There were no differences in any outcome measure between nonoperated women originally assigned to either the intensive or home exercise intervention groups. Of the 10 nonoperated women in the intensive exercise group, 5 and 8 reported urinary leakage during the last month during physical activity and coughing and sneezing, respectively, compared with 4 and 7, respectively, of the 13 nonoperated women in the home exercise group. There was also no difference in satisfaction between nonoperated groups (80% in the intensive exercise compared with 76.9% in the home exercise group reported being satisfied or almost satisfied).
The marked benefit of intensive pelvic floor muscle training seen short-term was not maintained 15 years later. Urinary symptoms and severity were similar regardless of group assignment, whether or not operated women were included in the analysis. Pelvic floor muscle training adherence also did not differ between the 2 programs and 15 years later; only roughly one quarter of women exercised regularly. Fifty percent in each group had interval stress urinary incontinence surgery. At the time of our questionnaire, operated and nonoperated women reported no difference in most urinary symptoms, satisfaction, or training adherence. However, more operated women reported severe incontinence and leakage that interfered with daily life than did nonoperated women.
Strengths of our study include the high response rates for both treatment groups, the long follow-up period, the use of validated instruments appropriate for questionnaire studies, high data quality, and outcome collection by a nonbiased research assistant. The main limitations include the small sample size and lack of clinical data.
Studies of pelvic floor muscle training with more than 5 years follow-up that include clinical or urodynamic assessment are limited by reporting results for either 1 group only or for a smaller proportion of subjects.14,22–24 This may reflect difficulties in tracing women after several years or motivating participants to undergo urodynamic assessment. Our high follow-up rate is likely partly due to the questionnaire nature of our study design. Although subjects did not undergo urodynamics or other objective tests, we chose questionnaire instruments with excellent test characteristics when compared with urodynamics or pad testing.15,16,18 Our original study was powered to find significant differences between groups with 30 patients and did show significant differences in all parameters comparing 23 and 29 patients.13 However, 15 years later, half of the women in each of the original groups had stress urinary incontinence surgery, creating small sample sizes for comparisons between the nonoperated women in the intensive and home exercise groups. Hence, the nonsignificant differences found in analysis of the nonoperated women may be due to small sample sizes. Similarly, although statistically significant, small group sizes in the subgroups of the severity index call for caution in interpreting the results.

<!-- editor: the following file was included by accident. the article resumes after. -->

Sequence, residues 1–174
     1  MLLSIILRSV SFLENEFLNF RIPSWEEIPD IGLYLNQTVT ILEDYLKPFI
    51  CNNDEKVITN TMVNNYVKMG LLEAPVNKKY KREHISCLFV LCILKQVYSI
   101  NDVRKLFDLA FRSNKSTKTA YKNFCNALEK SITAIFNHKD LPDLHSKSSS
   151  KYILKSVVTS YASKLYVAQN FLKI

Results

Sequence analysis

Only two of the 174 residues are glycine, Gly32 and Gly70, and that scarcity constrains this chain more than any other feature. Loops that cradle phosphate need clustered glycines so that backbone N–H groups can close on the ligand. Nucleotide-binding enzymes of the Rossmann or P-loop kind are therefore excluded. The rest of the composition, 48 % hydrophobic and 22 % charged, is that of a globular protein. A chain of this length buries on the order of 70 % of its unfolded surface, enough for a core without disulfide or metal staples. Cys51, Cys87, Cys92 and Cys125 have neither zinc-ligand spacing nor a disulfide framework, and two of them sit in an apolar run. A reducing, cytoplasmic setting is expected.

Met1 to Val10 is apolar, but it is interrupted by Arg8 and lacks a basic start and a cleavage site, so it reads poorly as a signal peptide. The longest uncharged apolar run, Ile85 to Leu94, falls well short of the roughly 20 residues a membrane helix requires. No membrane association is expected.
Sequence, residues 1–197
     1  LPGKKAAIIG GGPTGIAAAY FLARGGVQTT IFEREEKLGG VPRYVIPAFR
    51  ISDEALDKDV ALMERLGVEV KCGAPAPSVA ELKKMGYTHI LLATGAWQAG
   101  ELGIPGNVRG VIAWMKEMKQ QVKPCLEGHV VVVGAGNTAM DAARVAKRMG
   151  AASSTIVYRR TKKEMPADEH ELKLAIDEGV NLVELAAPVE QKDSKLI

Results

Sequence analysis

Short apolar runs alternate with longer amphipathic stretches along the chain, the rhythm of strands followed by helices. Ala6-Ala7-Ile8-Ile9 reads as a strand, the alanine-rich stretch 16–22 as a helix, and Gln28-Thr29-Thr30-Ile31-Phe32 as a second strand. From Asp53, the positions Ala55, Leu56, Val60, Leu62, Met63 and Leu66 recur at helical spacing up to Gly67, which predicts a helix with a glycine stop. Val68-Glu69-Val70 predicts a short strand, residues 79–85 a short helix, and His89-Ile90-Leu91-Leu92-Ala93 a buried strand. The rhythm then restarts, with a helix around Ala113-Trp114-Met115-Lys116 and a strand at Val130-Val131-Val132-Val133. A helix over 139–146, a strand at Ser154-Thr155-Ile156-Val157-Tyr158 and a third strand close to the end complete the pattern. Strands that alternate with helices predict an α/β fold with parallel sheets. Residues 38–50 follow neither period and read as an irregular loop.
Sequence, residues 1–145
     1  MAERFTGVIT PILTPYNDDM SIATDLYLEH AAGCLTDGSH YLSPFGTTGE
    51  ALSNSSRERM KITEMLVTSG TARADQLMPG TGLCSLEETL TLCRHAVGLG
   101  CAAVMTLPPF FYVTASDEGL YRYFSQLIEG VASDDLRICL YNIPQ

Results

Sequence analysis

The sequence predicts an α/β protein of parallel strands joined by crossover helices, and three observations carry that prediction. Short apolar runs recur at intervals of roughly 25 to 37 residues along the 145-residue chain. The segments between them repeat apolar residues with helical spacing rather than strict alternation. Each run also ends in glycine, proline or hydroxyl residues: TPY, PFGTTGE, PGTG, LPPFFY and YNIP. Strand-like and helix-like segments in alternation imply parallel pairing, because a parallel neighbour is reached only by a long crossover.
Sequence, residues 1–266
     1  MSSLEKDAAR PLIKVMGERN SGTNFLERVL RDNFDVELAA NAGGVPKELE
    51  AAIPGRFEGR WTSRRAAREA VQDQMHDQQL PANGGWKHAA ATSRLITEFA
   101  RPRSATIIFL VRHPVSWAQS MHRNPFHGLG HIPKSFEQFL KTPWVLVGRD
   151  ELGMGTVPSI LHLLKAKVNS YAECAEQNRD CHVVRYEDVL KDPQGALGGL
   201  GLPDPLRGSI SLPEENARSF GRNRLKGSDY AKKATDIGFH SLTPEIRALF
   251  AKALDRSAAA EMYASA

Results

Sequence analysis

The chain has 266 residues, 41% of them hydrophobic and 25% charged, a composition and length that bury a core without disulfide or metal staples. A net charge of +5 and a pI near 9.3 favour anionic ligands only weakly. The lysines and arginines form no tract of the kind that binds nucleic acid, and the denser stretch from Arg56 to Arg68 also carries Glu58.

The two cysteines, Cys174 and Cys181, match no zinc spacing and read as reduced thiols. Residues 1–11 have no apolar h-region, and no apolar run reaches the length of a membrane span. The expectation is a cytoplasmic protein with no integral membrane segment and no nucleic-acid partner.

In our population, at variable years removed from surgery, the group of women that underwent surgery did not have fewer urinary symptoms than the group that did not. It is likely that in the short-term after surgery, operated women were more continent than those not operated, but our study design does not allow us to do survival analysis of outcomes. Further, this study was not a randomized trial comparing the outcomes of pelvic floor muscle training and surgery, and those who chose surgery may have had more severe incontinence to begin with. Indeed, women that “fail” pelvic floor muscle training are likely different from those who respond well to physical therapy and may represent a group at high risk of failure no matter what treatment they undergo. Surgeons may be perplexed by the apparent low success rate of surgery in our group. It is of interest to note that long-term follow-up studies of incontinence surgeries show quite different results when surgeons’ own patients are followed up compared to results when a community sample is queried. For example, Diokno et al25 recently reported in a cross-sectional questionnaire study that of 967 women who had a history of continence surgery, 73% reported leakage in the preceding month and 53% wore pads. Satisfaction was not well correlated with leakage. Our results are in line with these. Consistent with our initial study, other short-term studies found that intensive pelvic floor muscle training with close follow-up is more effective than home training or exercise with less follow-up.26–28 This corresponds with results from general strength training studies showing a dose–response relationship in effect.29 After the training period the women in our study were left alone to continue exercising on their own. Although some researchers have found that women find it difficult to adhere to pelvic floor muscle training,30 we followed up our intensive exercise group 5 years after the intervention and found that 70% were still exercising regularly.14 We expected that because these women were improved of stress urinary incontinence, motivated, and independently exercising 5 years after the trial, they would continue to exercise. However, 15 years is a long time, and illnesses and other physical, psychological, and social changes may have made regular exercises harder to do. Studies from exercise science have shown that a 5–10% reduction in muscle strength per week can be expected after strength training is discontinued.31 Even training 1–2 times per week at high intensity is often enough to maintain muscle strength.29,31,32 However, in the present study only 28% were exercising at a frequency required to maintain muscle strength.33